Remember to screen every word that you put on the résumé to make sure they are professional enough to be there. Avoid using over-praising adjectives like splendid or spectacular—they not only do not sound professional but also have no credibility.

Avoid saying how you feel about your job or your job function—words that carry feelings are not relevant to your job function whether you hated it or it was a pleasure. Never include a description of your physical appearance such as attractive unless it is relevant to the job.

You résumé is not the proper place for talking about your political beliefs or your religion—thus avoid words like liberal. It is also not appropriate to mention your health and there is no need to put strong immune system on your résumé.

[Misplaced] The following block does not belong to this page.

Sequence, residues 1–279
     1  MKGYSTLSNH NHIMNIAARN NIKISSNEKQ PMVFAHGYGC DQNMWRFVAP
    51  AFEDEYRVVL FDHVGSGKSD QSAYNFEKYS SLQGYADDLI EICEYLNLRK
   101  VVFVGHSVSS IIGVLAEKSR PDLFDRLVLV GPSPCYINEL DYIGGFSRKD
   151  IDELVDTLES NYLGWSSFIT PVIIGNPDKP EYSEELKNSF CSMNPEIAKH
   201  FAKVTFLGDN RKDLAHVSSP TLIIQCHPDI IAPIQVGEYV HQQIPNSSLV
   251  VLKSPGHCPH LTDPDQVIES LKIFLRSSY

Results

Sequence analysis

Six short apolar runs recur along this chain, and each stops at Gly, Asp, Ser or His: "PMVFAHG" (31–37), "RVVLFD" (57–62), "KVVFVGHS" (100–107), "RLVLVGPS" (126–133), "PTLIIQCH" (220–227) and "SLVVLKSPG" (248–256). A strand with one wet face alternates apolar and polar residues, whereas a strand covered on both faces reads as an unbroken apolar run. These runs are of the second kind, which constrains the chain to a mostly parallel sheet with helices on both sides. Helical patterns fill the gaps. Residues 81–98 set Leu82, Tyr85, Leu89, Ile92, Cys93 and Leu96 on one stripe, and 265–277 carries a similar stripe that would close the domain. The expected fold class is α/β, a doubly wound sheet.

It is tempting to use familiar with when you are not particularly good at something however still want to mention it on the résumé. You have a choice of learning it well enough to become proficient or leaving it off your résumé. Familiarity means that you know a little but will still need to be trained—just like a person who is not familiar with that same thing.

Avoid highly-intelligent (and rarely used) words. You may just confuse your reader or give the wrong impression. By the same token, avoid jargon or acronyms that are not generally accepted or widely understood. Don’t use clichés and words that are overused and won’t set your résumé apart from the others. Use synonyms to make your résumé stand out.  Never use personal pronouns in your résumé—it is a summary of your experience and “I” or “me” are considered redundant.

By using strong words and avoiding inappropriate words, and by spending good amount of time writing your resume you will be able to add character to it and make it stand out from hundreds of others!